POP MUSIC : What a guy. What a swinger

In case you didn't already know this, Tom Jones - the man with the incredible swivelling hips - is now hip. His audience at the first night of his three shows at the Hammersmith Apollo was full of cool people wearing black clothes. (including Chr issy Hynde, the lead singer of the Pretenders); his new album (The Lead and How to Swing It) has been produced by men with names like Youth and Flood, and they've got Tom Jones to do some rapping on it. Rapping! The man is 54, and he sounds like he inven ted Nineties dance music.

But his old fans still come along, too. There are whitehaired ladies in the front row of the Apollo, and middle-aged women in sequins ("Look at me Tom!"), and married couples in matching woolly jumpers. They have come to hear his golden oldies ("Delilah", "The Green Green Grass of Home", "It's Not Unusual") and he belts them out with enormous enthusiasm. But I'm not quite sure what they think of the new ones: there's a very loud screaming guitar in "A Girl Like You", and the rest of the band are making industrial demolition noises, and Tom sings like a cross between Bono and Elvis Presley, and Mr and Mrs Woolly Jumper sitting behind me look stunned.

As a result, it is a curiously uneasy audience. We're all sucking our Hall's Orange Throat Soothers, handed out free in the foyer (quite why, I don't know. If this is product placement at work, does it mean that Tom Jones fans are likely to have tickly coughs, or to scream themselves hoarse?)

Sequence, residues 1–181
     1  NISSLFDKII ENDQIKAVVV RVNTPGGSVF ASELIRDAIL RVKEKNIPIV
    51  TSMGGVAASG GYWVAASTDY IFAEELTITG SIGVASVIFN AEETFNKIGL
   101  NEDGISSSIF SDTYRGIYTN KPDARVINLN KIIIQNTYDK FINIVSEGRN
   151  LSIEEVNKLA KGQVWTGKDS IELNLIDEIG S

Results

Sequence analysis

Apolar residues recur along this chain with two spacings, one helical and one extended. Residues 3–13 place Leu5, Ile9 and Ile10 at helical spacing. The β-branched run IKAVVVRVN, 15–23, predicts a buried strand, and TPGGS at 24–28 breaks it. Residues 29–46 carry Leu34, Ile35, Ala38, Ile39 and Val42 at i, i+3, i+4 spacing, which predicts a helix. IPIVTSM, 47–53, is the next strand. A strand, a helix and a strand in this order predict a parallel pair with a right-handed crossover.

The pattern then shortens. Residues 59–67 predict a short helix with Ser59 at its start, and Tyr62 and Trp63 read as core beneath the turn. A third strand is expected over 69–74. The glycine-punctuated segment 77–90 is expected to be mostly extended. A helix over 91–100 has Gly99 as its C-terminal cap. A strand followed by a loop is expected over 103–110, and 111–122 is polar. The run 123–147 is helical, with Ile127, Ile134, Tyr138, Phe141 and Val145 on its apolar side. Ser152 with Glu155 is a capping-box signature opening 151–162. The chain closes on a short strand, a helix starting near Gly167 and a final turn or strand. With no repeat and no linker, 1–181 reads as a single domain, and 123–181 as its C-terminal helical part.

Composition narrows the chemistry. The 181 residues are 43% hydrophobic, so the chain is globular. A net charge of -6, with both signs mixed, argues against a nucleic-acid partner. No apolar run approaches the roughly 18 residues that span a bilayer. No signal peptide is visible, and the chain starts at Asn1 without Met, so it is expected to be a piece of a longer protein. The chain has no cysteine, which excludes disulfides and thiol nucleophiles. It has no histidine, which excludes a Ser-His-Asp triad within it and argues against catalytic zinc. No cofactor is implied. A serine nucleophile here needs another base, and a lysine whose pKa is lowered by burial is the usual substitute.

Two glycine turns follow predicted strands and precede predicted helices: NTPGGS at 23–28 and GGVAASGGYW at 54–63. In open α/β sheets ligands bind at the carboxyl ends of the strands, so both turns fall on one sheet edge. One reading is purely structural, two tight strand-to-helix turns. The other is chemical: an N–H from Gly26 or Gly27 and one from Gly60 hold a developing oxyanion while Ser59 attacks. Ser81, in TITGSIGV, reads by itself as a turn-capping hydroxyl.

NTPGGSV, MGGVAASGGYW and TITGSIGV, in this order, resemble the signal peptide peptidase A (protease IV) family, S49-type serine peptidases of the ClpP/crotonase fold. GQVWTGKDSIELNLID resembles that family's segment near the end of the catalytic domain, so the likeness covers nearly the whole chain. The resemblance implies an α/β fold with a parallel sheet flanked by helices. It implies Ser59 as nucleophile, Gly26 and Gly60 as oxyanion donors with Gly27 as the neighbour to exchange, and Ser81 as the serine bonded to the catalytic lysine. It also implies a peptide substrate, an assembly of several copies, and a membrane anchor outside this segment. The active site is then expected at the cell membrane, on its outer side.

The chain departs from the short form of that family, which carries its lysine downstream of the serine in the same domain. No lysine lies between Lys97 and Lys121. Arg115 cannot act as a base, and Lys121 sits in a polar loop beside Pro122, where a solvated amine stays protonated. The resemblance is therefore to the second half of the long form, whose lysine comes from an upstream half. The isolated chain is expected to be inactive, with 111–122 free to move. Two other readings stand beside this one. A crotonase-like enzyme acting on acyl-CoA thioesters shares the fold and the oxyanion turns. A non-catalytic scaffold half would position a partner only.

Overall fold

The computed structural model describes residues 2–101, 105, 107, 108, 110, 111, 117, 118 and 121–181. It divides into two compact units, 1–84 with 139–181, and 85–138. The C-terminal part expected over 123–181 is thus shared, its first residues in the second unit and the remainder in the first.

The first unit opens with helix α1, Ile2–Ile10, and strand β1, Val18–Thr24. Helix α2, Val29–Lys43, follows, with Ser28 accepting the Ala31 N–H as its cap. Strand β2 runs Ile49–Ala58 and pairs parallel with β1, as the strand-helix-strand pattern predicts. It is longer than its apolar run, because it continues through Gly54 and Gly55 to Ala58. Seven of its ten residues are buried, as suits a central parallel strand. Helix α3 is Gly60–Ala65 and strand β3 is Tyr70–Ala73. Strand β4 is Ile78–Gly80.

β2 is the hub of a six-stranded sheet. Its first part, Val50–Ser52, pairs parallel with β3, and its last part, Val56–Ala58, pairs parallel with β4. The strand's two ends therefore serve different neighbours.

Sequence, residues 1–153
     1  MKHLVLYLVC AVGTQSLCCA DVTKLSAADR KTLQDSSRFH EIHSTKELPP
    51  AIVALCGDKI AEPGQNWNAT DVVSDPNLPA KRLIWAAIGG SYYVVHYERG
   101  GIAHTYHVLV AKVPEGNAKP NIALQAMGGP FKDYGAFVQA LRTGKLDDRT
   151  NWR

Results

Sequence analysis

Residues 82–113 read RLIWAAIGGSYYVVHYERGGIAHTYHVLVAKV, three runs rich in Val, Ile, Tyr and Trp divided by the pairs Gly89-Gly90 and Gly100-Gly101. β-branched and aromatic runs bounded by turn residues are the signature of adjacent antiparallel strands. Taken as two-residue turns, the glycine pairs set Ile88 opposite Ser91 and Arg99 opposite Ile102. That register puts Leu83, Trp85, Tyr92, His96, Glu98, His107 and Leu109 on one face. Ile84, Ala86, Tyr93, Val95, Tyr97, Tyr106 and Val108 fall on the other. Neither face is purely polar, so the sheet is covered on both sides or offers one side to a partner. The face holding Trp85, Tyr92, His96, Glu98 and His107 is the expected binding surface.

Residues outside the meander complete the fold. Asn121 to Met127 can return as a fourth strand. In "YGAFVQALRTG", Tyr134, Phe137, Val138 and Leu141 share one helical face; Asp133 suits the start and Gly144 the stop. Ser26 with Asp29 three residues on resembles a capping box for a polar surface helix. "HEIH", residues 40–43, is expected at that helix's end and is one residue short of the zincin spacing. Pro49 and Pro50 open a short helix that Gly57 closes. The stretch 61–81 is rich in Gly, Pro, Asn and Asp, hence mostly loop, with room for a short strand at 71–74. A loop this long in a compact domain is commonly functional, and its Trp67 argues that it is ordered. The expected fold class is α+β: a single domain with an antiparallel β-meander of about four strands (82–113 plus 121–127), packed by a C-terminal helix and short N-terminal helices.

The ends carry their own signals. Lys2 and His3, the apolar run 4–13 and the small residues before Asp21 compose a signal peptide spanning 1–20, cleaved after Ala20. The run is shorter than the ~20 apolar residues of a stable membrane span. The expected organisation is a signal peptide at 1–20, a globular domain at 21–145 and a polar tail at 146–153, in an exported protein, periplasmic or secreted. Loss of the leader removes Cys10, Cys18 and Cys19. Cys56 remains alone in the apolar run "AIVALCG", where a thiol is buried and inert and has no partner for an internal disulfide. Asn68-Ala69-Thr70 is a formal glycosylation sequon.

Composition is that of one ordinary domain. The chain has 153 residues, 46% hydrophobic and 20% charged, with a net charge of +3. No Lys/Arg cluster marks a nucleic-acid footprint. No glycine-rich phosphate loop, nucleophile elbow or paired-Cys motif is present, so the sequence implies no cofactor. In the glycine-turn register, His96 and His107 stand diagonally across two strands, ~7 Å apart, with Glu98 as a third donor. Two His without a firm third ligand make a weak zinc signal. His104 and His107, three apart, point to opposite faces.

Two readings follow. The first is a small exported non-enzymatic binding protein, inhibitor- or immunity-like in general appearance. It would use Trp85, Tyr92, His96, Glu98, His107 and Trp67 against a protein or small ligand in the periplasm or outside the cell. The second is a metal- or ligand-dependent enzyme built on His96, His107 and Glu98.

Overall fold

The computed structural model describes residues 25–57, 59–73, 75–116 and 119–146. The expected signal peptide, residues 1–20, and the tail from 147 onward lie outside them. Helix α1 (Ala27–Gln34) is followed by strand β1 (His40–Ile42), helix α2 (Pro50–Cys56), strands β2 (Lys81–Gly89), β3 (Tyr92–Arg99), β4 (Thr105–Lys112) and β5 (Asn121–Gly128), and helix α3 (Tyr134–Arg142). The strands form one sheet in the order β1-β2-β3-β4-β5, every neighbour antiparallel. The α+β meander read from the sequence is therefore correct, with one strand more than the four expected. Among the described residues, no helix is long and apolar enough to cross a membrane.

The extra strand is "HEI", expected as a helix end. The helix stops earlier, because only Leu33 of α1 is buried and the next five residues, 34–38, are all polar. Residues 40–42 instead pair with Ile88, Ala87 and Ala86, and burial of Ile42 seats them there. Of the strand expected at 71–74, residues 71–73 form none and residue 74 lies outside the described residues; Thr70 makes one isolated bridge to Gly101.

When me and my friend Elaine (a 33-year-old die-hard Jones fan who also likes Prince and REM) start rocking around in our seats, Mr Woolly Jumper taps us on the shoulder and says will we please stop immediately as he can't see properly. When some teenagegirls in micro-mini skirts have the audacity to stand up and dance, the ladies behind them get cross and there's some more shoulder tapping. But then when the grannies get excited and start waving their arms in the air to "Delilah" ("Why Why Whhhyyyy, Delilah?"), the trendies in the audience look embarrassed.

Even Tom himself looks a bit uneasy at times. Only one pair of knickers gets thrown - during his hugely suggestive rendition of "What's New Pussycat" - and he raises an eyebrow and then ignores them, as if to say, "I don't do the knicker routine anymore,all right?"

It's not until the encore that he finally gets the audience on its feet, and he deserves the wild applause. He's sung for over two hours, he's still got the biggest voice in British showbusiness (well, him and Shirley Bassey), and if his bumping and grinding is a little stiff at times, at least he does it with conviction.

Most impressive of all, he's avoided being a camp parody of himself (unlike, say, Gary Glitter). Tom Jones, what a guy, what a swinger.

Justine Picardie

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